Tu Quoque Argument Advanced as a Primer for the Presuppositionalist Response to Evidentialist Critiques of Method

Arguments which cut both ways are not always self-refuting, but are significantly weakened by their hypocritical nature. The activities of traditional non-presuppositionalist apologists almost always fall prey to the same objections the proponents of the traditional method advance in their critiques of presuppositionalism.

Just today I heard a professional apologist and philosopher argue that the Transcendental Argument for God, an argument utilized within the presuppositional method of apologetics, may more or less be dismissed because an unbeliever might quite easily claim that logic is something other than what the presuppositionalist needs to portray logic as in order to make his or her argument. Accepting that this is true, how is this not also an argument against the traditional methodology, which relies quite heavily upon formal systems of logic?

Only a few hours later I listened to a recording where another professional apologist and philosopher mocked the Transcendental Argument for God and complained that it could never save anyone. While this is true, how is it an objection against this specific argument and not all of the others?

Perhaps the most popular objection of all amongst those who think more soberly about apologetic methodology involves the reduction of the Transcendental Argument for God to an inductive argument followed by its complete dismissal.* To play on a cliche of the Christian culture, the apologist who advances this objection has such a large plank in his or her own eye that he or she cannot see properly. We work within the context of a zero sum game with respect to such a critique. The winner comes out as much of a loser as the person who adheres to the method that falls prey to the allegedly fatal critique. As Van Til writes, “When these men construct their inductive systems, believing that all facts speak for themselves, they build an island of ice floating on a bottomless, shoreless cauldron of chance.”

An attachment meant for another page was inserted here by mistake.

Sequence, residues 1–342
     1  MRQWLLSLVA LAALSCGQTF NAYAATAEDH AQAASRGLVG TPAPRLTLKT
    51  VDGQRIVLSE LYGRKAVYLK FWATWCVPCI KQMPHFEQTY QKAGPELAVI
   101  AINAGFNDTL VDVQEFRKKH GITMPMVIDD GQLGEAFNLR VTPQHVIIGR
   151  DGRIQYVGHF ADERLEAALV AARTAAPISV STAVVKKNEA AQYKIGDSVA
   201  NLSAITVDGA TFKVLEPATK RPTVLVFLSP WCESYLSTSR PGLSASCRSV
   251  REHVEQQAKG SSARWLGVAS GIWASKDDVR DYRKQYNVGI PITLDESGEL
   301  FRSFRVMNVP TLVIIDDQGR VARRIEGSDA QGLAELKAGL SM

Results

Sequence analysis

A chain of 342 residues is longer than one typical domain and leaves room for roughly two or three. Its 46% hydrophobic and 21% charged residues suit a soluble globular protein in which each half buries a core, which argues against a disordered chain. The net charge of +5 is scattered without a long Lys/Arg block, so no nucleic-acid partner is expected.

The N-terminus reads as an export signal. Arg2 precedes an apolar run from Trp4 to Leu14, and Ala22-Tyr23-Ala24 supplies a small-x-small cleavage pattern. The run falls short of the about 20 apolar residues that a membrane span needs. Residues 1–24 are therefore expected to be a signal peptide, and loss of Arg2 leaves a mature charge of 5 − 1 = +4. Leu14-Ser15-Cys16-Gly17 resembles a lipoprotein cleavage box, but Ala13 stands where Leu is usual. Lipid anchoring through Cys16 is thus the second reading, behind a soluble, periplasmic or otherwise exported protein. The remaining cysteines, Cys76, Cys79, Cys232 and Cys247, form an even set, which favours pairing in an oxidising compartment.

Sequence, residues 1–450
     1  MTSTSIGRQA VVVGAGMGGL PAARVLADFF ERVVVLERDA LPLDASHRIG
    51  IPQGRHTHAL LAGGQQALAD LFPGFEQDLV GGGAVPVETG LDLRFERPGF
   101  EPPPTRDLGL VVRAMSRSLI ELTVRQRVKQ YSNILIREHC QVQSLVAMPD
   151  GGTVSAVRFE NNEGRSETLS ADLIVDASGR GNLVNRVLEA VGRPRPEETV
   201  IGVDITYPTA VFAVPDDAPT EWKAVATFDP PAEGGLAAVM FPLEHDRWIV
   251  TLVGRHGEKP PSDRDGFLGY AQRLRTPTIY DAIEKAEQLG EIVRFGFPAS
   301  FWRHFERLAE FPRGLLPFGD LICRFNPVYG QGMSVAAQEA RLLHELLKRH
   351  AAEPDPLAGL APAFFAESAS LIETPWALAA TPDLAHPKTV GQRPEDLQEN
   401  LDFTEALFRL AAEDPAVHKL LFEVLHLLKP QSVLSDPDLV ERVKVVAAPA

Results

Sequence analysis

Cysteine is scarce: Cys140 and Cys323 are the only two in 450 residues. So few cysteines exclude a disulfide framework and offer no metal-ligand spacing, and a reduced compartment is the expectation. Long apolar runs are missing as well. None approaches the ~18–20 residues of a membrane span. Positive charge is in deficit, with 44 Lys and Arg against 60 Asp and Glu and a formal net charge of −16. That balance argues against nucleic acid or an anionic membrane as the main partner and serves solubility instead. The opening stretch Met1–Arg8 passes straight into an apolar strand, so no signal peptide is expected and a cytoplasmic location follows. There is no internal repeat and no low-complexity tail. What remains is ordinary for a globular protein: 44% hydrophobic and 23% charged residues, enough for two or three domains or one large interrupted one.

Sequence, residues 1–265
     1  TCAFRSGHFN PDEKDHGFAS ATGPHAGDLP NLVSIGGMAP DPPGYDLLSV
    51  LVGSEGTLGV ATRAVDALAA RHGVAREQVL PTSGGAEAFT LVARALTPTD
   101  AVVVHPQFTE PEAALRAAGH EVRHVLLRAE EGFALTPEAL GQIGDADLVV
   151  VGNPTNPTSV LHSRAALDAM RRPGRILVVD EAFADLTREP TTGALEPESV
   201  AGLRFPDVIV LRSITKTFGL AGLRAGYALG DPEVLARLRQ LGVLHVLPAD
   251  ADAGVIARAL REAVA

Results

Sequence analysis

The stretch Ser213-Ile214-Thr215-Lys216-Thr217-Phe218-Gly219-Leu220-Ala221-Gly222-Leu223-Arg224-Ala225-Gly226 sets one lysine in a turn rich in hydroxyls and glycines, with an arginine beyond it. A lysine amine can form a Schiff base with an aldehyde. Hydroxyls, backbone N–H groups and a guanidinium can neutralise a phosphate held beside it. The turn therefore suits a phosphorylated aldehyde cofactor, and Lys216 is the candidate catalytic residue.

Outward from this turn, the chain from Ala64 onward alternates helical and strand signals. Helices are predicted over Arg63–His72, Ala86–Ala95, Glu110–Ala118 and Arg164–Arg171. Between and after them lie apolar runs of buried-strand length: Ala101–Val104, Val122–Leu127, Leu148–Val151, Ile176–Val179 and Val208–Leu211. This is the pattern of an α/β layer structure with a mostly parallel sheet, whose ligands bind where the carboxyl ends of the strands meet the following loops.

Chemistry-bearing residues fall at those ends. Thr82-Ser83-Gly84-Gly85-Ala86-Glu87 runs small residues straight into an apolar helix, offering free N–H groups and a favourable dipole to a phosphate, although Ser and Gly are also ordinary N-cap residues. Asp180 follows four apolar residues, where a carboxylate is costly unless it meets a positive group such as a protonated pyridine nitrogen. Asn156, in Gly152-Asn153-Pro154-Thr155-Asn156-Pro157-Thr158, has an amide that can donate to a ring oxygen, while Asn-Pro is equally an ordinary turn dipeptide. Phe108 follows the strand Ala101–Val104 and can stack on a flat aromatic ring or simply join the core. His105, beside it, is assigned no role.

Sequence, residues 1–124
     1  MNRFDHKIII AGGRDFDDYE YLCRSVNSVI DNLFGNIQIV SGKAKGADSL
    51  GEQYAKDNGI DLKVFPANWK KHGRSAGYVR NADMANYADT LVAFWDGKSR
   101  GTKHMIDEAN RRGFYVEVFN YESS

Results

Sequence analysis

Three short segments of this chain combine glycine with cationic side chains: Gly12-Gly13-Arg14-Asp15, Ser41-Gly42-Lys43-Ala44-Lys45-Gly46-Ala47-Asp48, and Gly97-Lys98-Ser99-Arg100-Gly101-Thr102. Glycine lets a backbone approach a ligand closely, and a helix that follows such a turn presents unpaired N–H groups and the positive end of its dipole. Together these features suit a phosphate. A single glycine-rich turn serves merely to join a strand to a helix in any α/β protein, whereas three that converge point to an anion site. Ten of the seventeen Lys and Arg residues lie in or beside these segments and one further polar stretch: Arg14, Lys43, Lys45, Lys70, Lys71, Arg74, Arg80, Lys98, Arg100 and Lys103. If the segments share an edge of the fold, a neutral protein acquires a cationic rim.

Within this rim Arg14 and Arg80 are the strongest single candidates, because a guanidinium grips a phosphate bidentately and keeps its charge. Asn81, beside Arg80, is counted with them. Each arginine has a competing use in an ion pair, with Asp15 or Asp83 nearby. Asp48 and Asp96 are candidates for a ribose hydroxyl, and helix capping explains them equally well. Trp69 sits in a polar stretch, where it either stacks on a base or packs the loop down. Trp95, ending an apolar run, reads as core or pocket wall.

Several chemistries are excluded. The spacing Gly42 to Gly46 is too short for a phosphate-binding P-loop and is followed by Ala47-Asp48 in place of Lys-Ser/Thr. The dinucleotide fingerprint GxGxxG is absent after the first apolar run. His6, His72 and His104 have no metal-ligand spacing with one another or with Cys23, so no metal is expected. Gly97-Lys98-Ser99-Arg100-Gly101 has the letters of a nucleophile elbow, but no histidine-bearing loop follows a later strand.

While tough questions are not answered in this manner and one must be careful to avoid fallacious responses in defense of the presuppositional method, I believe the tu quoque here provides both a valid and important primer for the discussion. It is rare for a traditional apologist to take a swing at TAG or presuppositionalism without the bat coming back and hitting him as well. To put all of this another way; make sure you are wearing pants before you come out to play.

*A rather small audience reading this post may object to this statement. Please take note of and think through the italicized portion as it is consciously written in such a way as to avoid this objection.


2 Comments

RazorsKiss

Dude? You left your pants. Outside.

Ryft Braeloch

“Another professional apologist … mocked the [TAG] and complained that it could never save anyone.”

Did he mistakenly think the ‘G’ stood for ‘gospel’?


Leave a Comment